Pulmonary hypertension is diagnosed when the systolic pressure in the pulmonary artery exceeds 30 mm Hg. It is most commonly seen in preexisting pulmonary or cardiac disease but may occur (although rarely) as a primary condition when it is produced by fibrosis and thickening of the vessel intima. An increase in resistance of the vessels in the pulmonary vasculature bed occurs secondary to hypoxemia (oxygen deficiency). Chronic hypoxemia produces hypertrophyof the medial muscle layer in the smaller branches of the pulmonary artery, which decreases the size of the vessel lumen. Vasoconstriction, the pulmonary system’s response to hypoxemia, results in a pressure buildup in the right side of the heart because flow through the pulmonary system is impaired. When hypertension in the pulmonary system (measured as pulmonary vascular resistance) is greater than the ability of the right side of the heart to pump, the cardiac output falls and may cause shock.
The cause of primary pulmonary hypertension is unknown, but the disease tends to occur in families. Secondary pulmonary hypertension is caused by conditions that produce hypoxemia, such as chronic obstructive pulmonary disease, obesity, alveolar hypoventilation, smoke inhalation, and high altitude.
Nursing care plan assessment and physical examination
Patients are usually without symptoms until late in the disease. Up to 50% of the pulmonary circulation may be impaired before significant hypertension is produced. Determine the presence of risk factors. Ask if the patient has experienced chest pain, labored and painful breathing (dyspnea), or syncope. Occasionally, the enlarged pulmonary artery compresses the left recurrent laryngeal nerve, producing hoarseness. Some patients may describe periods of heart palpitations.
Signs of right ventricular failure are common, such as jugular venous distension, increased central venous pressure, and peripheral edema. Low cardiac output may produce central cyanosis, syncope, or chest pain. Auscultation of the heart may therefore reveal atrial gallop at the lower left sternal border, narrow splitting of S2 or increased S2 intensity, or ejection click at the second intercostal space, left sternal border. When palpating the precordium, you may detect a heave over the right ventricle or an impulse from the pulmonary artery itself. Signs of left ventricular failure, such as systemic hypotension (low blood pressure) and low urinary output, may coexist. Presentation may include hyperventilation, coughing, and eventually rapid breathing (tachypnea) or dyspnea. Initially, breath sounds may be clear or decreased, but you may hear crackles or wheezing.
The patient is experiencing a potentially life-threatening condition that requires the use of complex medical technology. Assess the anxiety level of the patient, and plan interventions to place a minimum demand on the patient’s energy. Support of the patient is essential throughout hospitalization, from routine care such as placement and maintenance of the pulmonary artery catheter to attempts at averting a cardiac arrest.
Nursing care plan primary nursing diagnosis: Impaired gas exchange related to changes in the alveolar membrane structure and increased pulmonary vascular resistance.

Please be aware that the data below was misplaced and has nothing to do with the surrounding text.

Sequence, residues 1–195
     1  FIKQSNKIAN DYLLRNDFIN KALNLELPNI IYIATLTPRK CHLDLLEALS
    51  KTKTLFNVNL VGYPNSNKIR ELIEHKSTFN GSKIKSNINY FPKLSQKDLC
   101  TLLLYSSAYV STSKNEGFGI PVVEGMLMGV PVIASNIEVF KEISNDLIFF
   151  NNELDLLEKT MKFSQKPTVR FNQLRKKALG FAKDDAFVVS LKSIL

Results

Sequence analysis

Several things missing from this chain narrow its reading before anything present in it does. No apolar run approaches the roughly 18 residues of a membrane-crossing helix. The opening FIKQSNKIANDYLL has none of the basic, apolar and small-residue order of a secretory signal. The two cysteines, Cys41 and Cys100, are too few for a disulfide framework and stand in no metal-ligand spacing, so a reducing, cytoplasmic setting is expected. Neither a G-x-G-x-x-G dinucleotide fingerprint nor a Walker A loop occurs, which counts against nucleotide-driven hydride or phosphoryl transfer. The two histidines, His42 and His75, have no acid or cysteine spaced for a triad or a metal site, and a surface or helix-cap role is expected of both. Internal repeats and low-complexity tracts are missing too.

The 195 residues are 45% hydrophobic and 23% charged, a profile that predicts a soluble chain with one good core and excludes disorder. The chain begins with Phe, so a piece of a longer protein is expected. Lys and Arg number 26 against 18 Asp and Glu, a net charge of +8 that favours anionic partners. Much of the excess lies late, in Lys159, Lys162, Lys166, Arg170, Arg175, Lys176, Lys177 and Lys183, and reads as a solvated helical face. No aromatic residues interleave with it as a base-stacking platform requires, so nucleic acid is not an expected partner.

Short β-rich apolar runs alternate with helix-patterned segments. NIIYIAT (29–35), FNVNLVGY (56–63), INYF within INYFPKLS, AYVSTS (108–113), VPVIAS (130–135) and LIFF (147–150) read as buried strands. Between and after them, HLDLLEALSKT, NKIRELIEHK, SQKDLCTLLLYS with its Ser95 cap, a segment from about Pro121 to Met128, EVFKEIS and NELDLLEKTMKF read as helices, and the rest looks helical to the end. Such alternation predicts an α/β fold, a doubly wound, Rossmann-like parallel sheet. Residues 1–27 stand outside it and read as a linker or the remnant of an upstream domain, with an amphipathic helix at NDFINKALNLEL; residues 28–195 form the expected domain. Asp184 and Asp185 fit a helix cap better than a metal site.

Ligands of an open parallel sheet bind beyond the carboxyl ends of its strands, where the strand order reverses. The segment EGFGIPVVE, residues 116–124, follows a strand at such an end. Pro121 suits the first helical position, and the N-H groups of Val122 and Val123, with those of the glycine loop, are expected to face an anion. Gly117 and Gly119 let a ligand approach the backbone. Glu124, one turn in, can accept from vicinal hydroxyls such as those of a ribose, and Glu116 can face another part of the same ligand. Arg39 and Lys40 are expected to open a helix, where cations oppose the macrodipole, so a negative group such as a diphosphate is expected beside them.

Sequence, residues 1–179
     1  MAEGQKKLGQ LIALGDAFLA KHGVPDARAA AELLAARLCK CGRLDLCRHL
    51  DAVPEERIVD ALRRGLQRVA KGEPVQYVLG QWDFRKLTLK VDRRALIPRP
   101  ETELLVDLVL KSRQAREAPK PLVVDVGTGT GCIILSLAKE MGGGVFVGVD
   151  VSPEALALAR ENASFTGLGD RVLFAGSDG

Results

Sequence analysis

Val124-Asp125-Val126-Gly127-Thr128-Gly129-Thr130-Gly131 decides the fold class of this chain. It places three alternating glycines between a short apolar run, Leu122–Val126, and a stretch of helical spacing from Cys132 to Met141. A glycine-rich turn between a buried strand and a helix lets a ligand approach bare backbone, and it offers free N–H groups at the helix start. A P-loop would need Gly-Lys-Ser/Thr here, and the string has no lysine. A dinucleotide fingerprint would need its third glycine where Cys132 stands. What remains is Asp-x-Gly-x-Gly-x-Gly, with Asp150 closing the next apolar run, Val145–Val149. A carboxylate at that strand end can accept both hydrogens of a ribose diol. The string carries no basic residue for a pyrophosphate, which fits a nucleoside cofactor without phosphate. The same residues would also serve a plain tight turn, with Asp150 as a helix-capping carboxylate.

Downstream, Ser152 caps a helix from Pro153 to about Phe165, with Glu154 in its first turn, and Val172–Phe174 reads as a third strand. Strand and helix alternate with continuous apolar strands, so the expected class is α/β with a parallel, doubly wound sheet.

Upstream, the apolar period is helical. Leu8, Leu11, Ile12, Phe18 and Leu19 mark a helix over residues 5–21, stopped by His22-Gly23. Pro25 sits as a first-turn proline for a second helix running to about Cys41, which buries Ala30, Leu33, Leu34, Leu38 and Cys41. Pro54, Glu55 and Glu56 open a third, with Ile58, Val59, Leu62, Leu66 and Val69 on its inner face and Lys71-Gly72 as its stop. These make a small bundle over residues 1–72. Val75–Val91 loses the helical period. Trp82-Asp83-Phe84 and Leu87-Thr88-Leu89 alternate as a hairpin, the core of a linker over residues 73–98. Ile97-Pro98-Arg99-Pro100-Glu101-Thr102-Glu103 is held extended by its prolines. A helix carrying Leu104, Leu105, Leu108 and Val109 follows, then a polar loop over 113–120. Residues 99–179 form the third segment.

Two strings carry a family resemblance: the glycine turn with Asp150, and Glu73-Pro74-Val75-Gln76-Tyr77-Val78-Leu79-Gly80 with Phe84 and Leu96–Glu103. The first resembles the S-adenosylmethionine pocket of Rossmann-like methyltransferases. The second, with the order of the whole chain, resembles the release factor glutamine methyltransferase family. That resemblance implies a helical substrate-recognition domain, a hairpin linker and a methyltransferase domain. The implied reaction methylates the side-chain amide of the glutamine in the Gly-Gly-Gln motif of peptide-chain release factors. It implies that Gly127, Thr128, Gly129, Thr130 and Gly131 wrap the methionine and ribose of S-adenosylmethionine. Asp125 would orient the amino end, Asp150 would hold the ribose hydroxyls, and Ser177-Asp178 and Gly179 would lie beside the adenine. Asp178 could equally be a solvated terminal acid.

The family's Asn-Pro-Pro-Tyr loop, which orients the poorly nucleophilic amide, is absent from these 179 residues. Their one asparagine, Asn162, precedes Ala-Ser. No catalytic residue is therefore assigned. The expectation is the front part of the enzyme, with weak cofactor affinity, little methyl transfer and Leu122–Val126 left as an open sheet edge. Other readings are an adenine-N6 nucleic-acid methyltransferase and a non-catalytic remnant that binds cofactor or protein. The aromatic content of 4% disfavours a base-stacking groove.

Nursing care plan intervention and treatment plan
Primary pulmonary hypertension has limited therapy, and patients tend to have hemodynamic deterioration in spite of therapy. The median survival rate after diagnosis is 2.5 years. Supportive measures include supplemental oxygen for people who are hypoxemic and the use of diuretics in people who are fluid-overloaded. Relief of hypoxemia helps reduce pulmonary vasoconstriction. If the origin of the problem is structural, surgery may be attempted. Heart-lung transplantation is a consideration for severe conditions.
To minimize the risk of infection, use the sterile technique during setup and maintenance of the pulmonary artery catheter. Dressings should be changed according to policy, usually every 72 hours. Ask the patient to evaluate chest pain using a scale from 1 to 10, and provide comfort
measures in addition to any ordered medication. Reduce energy demands by assisting the patient to a position of comfort, such as the semi-Fowler or Fowler position. Document pulmonary artery catheter readings and report significant changes to the medical team. Monitor the patient for the development of cardiac dysrhythmias.
Allow the patient to verbalize fears, and assist in the development of a realistic perception as the patient appears ready. Incorporate family members and other support system members as appropriate. Help the patient adjust to the limitations imposed by this disorder. Advise against overexertion, and suggest frequent rest periods between activities. The patient may need diversional activities during periods of restricted activity. Be sure the patient understands dietary limitations and medication regimens.
Nursing care plan discharge and home health care guidelines
Risk for recurrent pulmonary embolism can be reduced by teaching the patient to minimize hypercoagulability, to reduce venous stasis, and to control risk factors such as obesity. Teach the patient to drink 2000 mL of fluid a day unless restricted, to rest between activities, and to avoid overexertion. Teach the patient about the prescribed dosage, route, action, and follow-up laboratory work needed for all medications. If the patient is discharged on potassium-wasting diuretics, encourage a diet that is rich in high-potassium foods, such as apricots, bananas, oranges, and raw vegetables. The patient may also need instruction on a low-sodium diet. If the patient needs home oxygen, instruct the patient and significant others in oxygen use and oxygen safety. Arrange with social services for the delivery of oxygen equipment. If the patient smokes, teach strategies for smoking cessation or provide a referral for smoking cessation programs.